The thing about the Internet is that, by entirely disrupting the one-way communication model of mass media, you fracture the ability of a message broadcaster to control the definition of the aspiration and so suddenly, you have all these kids talking to each other and saying "this is really stupid that the beer company says that if you drink beer you can be with sexy girls because sexy girls think that beer is stupid." The beer company is trying to manipulate you and when this becomes apparent through peer discussion the advertising becomes ridiculous.

Hugh: So the Internet is allowing us to be more authentic, more real?

Ted: It's not that we are more authentic or more real. I would argue that the internet just allows us to express our authenticity in a public form. I think a really good example of this is the way in which customer service has gone from being a private act to a public act. So when you had a problem with your cell phone provider and you called up the cell phone company, you had a private interaction with the customer service department of a cell phone company on the phone. So you might have been very authentic and very real but it was a private act of authenticity instead of a public act. Today when you have a bad experience with a company, you write about it on your blog or you twitter or in many many other ways it becomes a public knowledge.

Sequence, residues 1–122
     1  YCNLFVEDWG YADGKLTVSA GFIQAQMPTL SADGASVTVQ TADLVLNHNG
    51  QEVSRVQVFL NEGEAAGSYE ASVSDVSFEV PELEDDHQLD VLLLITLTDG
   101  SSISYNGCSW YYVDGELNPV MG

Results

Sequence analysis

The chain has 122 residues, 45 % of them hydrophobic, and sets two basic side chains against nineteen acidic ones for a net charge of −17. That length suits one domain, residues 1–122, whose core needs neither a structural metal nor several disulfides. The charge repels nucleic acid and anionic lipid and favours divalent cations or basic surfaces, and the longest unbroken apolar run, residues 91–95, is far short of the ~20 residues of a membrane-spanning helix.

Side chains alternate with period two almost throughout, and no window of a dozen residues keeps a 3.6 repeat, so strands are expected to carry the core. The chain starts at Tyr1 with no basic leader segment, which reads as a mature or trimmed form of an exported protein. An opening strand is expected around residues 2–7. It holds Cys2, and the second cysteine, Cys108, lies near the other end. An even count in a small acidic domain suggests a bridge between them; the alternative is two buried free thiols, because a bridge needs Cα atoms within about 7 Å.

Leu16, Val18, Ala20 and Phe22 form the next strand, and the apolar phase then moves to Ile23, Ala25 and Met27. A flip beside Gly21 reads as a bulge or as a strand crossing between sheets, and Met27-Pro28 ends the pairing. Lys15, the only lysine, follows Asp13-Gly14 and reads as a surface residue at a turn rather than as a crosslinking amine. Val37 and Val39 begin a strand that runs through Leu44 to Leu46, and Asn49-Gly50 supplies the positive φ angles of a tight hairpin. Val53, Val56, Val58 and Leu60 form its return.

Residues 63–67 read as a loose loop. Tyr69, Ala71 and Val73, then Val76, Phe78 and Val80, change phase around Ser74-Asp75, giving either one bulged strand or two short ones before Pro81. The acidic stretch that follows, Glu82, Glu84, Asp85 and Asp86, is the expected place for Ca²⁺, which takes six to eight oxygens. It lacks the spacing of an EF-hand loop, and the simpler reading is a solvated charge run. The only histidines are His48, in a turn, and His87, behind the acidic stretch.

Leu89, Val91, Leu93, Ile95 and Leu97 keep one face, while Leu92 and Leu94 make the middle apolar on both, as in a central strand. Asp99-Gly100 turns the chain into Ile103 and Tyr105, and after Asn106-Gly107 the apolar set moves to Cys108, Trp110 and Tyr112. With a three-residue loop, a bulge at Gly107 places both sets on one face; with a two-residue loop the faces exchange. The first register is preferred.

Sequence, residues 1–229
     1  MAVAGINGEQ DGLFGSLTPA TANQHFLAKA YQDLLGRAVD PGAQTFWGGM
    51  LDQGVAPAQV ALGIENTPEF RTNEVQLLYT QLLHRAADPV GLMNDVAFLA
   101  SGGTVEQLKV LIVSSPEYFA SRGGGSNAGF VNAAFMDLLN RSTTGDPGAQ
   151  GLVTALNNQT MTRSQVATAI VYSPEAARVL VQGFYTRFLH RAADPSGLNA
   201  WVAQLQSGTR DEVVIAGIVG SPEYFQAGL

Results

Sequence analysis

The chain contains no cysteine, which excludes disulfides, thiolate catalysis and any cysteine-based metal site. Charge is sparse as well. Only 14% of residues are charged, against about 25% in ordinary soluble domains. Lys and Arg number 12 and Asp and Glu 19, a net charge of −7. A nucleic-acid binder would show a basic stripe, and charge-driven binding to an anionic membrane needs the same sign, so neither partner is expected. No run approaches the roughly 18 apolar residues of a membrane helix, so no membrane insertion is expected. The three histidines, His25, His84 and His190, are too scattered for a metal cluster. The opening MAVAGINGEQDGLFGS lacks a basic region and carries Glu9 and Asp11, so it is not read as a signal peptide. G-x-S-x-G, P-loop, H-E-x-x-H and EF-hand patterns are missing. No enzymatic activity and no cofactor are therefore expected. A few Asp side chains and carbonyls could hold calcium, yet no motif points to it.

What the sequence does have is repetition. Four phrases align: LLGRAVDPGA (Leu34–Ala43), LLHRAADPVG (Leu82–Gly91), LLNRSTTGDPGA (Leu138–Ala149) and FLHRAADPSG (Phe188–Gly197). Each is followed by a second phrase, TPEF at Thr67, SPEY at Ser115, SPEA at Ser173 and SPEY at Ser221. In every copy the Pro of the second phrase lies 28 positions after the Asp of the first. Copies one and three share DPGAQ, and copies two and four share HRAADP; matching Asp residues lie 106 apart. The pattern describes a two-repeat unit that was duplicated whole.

So if you think about the way in which knowledge is shared between individuals, if lots of people have the same experience but don't have any connection to each other, you have shared separate knowledge of the experience and it doesn't ever actually provoke any of those individuals to take further action but if then you make those private acts public and so, you have shared knowledge which is then mutual knowledge so that each participant in a transaction knows that every other participant is experiencing the same problem, then you actually engage people to take things to the next step to say, well, let's organize against this cell phone company.